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CO: Colorado Parks and Wildlife: First pack of wolves reported in Colorado

Miles Blumhardt, Fort Collins Coloradoan

One day after enough valid signatures were confirmed to place a measure on next year’s ballot to reintroduce wolves, Colorado Parks and Wildlife confirmed a likely wolf pack in the state.

CPW said an eyewitness reported six large canids — a term that can describe wolves, jackals, foxes, coyote and domestic dogs — traveling together plus a scavenged elk a few miles from the sighting in northwest Colorado ”strongly suggests a pack of gray wolves may now be residing in Colorado.”

“The sighting marks the first time in recent history CPW has received a report of multiple wolves traveling together,” CPW Northwest Regional Manager JT Romatzke said in a Wednesday release.

Romatzke said in the days prior to the late October sighting in Moffat County, the eyewitness reported hearing “distinct howls coming from different animals. In my opinion, this is a very credible report.”

The eyewitness said his hunting party observed the wolves near the state’s Wyoming and Utah borders. One of the party caught two of the six animals on video.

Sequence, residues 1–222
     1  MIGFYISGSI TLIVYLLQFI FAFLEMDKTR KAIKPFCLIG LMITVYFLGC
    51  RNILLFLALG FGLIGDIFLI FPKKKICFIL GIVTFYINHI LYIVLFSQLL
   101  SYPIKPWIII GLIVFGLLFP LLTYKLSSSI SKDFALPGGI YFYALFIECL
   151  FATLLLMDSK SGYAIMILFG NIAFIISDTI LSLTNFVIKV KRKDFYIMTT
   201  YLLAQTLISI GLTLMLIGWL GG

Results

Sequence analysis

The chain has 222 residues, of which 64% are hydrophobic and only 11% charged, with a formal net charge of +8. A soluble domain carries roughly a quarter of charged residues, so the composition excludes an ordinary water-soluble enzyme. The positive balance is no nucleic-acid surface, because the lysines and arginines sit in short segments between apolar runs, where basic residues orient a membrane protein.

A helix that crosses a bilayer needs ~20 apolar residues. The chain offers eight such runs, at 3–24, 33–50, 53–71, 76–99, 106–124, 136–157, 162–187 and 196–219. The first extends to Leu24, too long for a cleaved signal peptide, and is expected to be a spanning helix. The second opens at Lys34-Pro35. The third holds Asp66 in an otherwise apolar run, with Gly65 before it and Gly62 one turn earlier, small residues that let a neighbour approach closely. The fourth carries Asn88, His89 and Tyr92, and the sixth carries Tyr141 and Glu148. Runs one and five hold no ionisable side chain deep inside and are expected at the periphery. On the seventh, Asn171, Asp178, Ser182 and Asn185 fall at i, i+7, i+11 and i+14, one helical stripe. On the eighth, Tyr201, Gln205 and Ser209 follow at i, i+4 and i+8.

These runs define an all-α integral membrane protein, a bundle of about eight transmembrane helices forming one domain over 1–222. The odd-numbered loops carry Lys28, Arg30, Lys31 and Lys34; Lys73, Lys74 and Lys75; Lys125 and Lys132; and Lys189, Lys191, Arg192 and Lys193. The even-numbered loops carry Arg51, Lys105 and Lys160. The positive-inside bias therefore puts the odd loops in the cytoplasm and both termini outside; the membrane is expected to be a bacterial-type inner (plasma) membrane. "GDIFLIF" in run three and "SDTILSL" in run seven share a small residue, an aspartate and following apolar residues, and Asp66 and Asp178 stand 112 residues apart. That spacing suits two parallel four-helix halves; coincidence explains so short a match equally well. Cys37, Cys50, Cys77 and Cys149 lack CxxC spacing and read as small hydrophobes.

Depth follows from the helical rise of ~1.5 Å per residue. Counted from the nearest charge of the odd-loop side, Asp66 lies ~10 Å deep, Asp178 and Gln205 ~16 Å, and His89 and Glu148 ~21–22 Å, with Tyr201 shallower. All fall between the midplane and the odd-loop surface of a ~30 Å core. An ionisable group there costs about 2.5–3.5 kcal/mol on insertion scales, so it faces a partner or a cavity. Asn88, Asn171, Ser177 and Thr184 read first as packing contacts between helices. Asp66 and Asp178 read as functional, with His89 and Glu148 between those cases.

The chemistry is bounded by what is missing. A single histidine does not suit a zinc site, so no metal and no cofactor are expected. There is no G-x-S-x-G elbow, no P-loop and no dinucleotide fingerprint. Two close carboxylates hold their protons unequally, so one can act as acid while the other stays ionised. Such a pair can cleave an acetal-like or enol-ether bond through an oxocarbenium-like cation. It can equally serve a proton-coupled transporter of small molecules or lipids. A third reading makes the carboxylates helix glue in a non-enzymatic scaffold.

After learning of the scavenged elk carcass, CPW initiated an investigation. At the kill site, officers observed several large canid tracks from multiple animals that are consistent with those made by wolves. The condition of the elk carcass was consistent with known wolf predation, according to CPW.

“The latest sightings add to other credible reports of wolf activity in Colorado over the past several years,” Romatzke said. “In addition to tracks, howls, photos and videos, the presence of one wolf was confirmed by DNA testing a few years ago, and in a recent case, we have photos and continue to track a wolf with a collar from Wyoming’s Snake River pack.”

Romatzke said the most recent sighting of what appears to be wolves traveling together is what can be best described as a pack and is further evidence of the presence of wolves in Colorado.

If passed, the initiative would direct the Colorado Parks and Wildlife Commission to devise a plan to introduce wolves on public land west of the Continental Divide before 2024.

Colorado ranchers and some sportsman’s organizations oppose the ballot initiative to reintroduce wolves into Colorado. 

The Rocky Mountain Wolf Action Fund is leading the initiative campaign.

A person captured photos of a radio-collared wolf north of Walden in July, which was the first credible wolf sighting in the state in four years, according to CPW.

Romatzke said CPW will continue to operate under the agency’s current management direction, which is to not take direct action. Wolves in Colorado are federally endangered species and fall under the jurisdiction of the U.S. Fish and Wildlife Service.

The public is urged to contact CPW immediately if they see or hear wolves or find evidence of any wolf activity.  The Wolf Sighting Form can be found on at